Every week, Chris Siggins, 65, climbs into a sauna to relieve her rheumatoid arthritis pain. But it’s not a warm sauna. It’s more than 200 degrees below zero.
In addition to regular exercise, an anti-inflammatory diet and other holistic therapies, Siggins has been using whole body cryotherapy at 40drop CryoCenter in Cedar Rapids to reduce pain, increase energy and improve her sleep, she said.
“Every morning I have pain in my hands, knees, feet, shoulders, hip ... It travels,” she explained. “I’m trying to manage the pain without drugs and I’m still trying to find the best tools for maximum relief.”
Proponents of cryotherapy say exposing the body to subzero temperatures — as low as 260 degrees below — for just a few minutes releases endorphins and nutrient-rich blood throughout the body, which is believed to decrease inflammation, relieve pain, speed up recovery from intense workouts or injury, boost collagen production, improve skin, reduce cellulite, elevate your mood and improve sleep and energy levels.
As long as the client’s surface temperature drops 20 degrees or more, they can expect to see results, said Todd Diestler, owner of 40drop.
“Your body thinks you’re freezing to death,” Diestler said. “The cold constricts the circulatory system to your extremities to protect your vital organs. Your blood becomes nutrient rich and oxygenated and then when you get out, the dilation (of your circulatory system) increases the flow of nutrient-rich blood from head to toe.”
Cryotherapy was invented in Japan in the 1970s and is now sweeping the nation as the coolest new trend in pain relief and athletic performance.
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Instead of sitting through a torturous ice bath, for example, athletes are turning to whole body cryotherapy. In as few as three minutes, they can achieve the same effect as an ice bath, but “it’s a lot less painful, time consuming and messy,” Diestler said.
After opening 40drop to the public just a few weeks ago, Diestler said he’s already seen at least 100 customers. Most say they see benefits immediately, he added.
“I’ve been blown away,” Diestler said. “Everybody who uses it, by the time they’re leaving, whatever ache or pain they had, they already notice a difference.”
“The first time I got in I was like, oh my gosh, what am I doing,” Siggins said. “When I got out, it was like ... I’m alive.”
The results are still only anecdotal, however. There is little research or data to support the benefits of cryotherapy and it is not FDA approved. In fact, the FDA has sent warning letters to some cryotherapy centers advising some of the health claims being made may be considered false and misleading.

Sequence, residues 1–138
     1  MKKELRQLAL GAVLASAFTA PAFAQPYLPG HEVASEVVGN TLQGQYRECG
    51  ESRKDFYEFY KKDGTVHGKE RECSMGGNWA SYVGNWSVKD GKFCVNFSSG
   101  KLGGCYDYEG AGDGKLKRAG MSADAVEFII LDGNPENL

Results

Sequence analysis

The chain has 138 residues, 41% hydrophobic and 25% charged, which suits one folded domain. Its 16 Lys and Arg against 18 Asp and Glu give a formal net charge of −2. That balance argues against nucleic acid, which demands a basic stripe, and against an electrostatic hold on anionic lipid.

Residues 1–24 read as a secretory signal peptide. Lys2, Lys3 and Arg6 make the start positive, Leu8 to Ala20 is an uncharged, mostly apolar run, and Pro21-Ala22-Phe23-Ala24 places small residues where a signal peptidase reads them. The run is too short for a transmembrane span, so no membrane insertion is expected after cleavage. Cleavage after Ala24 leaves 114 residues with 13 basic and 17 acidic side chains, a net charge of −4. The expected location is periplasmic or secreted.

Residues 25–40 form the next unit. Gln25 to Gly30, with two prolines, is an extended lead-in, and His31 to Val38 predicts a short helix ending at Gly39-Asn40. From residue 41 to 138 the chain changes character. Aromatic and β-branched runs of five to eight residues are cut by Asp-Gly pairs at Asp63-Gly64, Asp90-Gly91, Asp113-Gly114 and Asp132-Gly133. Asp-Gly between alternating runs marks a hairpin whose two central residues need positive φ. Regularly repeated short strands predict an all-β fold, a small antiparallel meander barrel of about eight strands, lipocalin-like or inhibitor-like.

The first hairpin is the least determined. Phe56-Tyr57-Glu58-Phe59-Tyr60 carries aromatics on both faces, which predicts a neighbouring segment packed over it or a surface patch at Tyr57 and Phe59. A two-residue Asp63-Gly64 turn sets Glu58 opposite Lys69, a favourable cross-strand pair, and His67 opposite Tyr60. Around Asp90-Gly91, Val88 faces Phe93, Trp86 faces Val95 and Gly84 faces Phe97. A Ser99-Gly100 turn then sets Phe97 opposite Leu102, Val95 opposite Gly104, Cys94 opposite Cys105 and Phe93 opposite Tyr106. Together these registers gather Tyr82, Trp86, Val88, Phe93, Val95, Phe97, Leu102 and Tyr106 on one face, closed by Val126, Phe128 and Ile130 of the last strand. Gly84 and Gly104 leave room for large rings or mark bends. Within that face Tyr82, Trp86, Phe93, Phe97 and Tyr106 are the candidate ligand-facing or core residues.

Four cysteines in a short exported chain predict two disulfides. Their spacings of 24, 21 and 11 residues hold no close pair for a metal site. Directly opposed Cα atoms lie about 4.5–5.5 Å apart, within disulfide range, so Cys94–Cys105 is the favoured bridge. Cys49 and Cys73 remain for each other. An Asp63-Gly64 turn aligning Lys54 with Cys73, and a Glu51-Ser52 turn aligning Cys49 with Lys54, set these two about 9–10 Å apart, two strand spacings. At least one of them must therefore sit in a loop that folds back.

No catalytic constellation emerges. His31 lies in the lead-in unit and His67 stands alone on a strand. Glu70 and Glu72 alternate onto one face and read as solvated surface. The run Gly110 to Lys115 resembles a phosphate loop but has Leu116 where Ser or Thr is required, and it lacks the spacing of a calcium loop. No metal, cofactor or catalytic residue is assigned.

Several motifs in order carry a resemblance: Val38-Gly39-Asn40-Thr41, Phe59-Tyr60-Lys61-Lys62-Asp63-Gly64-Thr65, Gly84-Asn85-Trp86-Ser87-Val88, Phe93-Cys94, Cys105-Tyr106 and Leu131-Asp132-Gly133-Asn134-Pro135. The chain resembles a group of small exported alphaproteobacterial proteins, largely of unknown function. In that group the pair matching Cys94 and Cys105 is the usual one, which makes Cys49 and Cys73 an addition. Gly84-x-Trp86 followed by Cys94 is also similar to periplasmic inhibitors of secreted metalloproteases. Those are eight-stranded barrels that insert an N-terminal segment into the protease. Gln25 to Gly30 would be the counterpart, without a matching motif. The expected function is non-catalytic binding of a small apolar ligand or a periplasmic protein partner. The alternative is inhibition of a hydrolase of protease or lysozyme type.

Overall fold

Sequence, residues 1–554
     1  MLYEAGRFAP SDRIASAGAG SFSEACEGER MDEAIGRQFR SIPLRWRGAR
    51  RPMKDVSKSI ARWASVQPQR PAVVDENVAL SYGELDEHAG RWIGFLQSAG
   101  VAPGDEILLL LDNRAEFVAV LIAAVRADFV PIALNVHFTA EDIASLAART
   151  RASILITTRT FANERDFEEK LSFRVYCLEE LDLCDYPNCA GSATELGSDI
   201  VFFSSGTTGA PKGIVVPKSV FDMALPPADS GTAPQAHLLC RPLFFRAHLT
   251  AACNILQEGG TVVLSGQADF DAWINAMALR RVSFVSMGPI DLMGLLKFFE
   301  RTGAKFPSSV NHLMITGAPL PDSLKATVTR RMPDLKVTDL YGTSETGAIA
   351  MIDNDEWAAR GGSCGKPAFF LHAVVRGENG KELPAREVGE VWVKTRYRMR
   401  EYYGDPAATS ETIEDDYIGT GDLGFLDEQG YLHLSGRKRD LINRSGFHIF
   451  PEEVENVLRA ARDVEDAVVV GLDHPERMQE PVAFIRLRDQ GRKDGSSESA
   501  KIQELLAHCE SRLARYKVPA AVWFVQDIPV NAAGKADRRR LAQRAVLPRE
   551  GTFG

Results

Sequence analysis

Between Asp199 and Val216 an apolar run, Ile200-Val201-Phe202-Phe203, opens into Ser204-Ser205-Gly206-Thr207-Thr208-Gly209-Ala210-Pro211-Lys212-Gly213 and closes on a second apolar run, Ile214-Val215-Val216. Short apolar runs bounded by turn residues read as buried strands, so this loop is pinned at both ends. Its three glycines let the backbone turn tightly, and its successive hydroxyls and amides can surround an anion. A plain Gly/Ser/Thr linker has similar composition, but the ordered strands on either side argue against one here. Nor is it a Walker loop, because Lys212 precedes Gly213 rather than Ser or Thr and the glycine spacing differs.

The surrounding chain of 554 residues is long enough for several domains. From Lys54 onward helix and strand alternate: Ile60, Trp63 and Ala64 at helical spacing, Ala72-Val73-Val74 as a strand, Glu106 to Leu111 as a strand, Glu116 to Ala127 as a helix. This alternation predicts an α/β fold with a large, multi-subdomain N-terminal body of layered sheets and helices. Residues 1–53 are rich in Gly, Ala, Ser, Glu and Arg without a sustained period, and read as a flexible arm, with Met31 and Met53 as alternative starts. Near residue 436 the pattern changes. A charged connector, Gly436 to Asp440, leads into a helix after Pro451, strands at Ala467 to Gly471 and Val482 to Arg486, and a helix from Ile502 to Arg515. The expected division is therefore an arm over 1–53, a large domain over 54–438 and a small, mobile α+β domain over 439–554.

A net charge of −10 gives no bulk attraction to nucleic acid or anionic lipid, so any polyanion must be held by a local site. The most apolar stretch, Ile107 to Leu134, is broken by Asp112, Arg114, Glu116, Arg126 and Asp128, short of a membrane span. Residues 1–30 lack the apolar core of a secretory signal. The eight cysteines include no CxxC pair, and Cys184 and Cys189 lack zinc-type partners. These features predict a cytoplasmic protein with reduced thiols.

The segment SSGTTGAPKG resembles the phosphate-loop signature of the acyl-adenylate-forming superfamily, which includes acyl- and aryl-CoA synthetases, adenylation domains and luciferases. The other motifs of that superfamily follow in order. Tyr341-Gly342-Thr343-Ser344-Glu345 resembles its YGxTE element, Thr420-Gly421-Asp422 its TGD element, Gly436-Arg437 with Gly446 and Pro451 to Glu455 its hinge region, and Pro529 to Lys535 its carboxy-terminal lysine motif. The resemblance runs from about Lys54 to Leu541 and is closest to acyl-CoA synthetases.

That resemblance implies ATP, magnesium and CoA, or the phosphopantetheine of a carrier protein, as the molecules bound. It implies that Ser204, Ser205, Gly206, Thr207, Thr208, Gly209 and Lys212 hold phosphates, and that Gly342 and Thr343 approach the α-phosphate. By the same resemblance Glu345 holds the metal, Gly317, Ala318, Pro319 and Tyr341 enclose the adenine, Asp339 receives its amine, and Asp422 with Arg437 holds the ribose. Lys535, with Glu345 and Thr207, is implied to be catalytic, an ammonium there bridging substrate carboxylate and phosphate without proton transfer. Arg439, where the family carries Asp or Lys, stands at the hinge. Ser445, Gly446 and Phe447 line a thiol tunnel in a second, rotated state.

At 40drop, $30 gets you in the sauna for the first time. After that it’s $60 per session, or clients can purchase packages to make continued treatments more affordable. Packages start at three sessions for $170 and go up from there. An unlimited package can be purchased for $349. 40drop also offers cryo-facials and localized cryotherapy.
Before a whole body treatment, clients first fill out a waiver to address any health concerns or conditions. Those with certain conditions — particularly heart or blood pressure conditions — should talk to their doctor before climbing into the sauna. Piercings from the neck down are not allowed, either.
After filling out the waiver, clients strip down to their underwear in a dressing room, slip on a robe, a pair of socks, slippers and mittens and then climb into the sauna, which has already been cooled to under 200 degrees below zero.
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Standing in the chamber, their head remains above a nitrogen cloud — bending down could result in a loss of oxygen and potentially death. But just one death has been reported, Diestler said. It was an employee of a spa in Henderson, Nev., who went into the sauna after hours, when no one else was around.
It’s thought that she may have dropped her cellphone and when she bent down to pick it up, her oxygen was cut off and she passed out in the sauna and froze to death, he explained.
Since then, safe guards, including doors that never lock and the system shutting off and evacuating all of the nitrogen after three minutes, have been put in place to prevent more accidents.
While in the sauna, clients can expect to feel cold, but not unbearably so.
“Your skin will tingle and some parts will feel painful,” Diestler said.
Treatments generally last just three minutes or less, depending on how long you can stand it. They can be terminated at any time.
“This is not a spa,” Diestler said. “If you’re coming here, it’s for a reason.”
IF YOU GO
What: Whole Body Cryotherapy
Where: 40drop CryoCenter, 568 Boyson Rd NE #180, Cedar Rapids, IA
When: Monday-Thursday 7:30 a.m.-1:30 p.m. and 4-7 p.m., Friday 8 a.m.-3 p.m., Saturday 8-11 am
Cost: $30 introductory, then $60 per session or packages starting at $170
Details: Cryotherapy may relieve pain, decrease inflammation, speed up recovery from workouts or injury, boost collagen production, improve skin, reduce cellulite, elevate your mood and improve sleep and energy levels. The therapy is not FDA approved.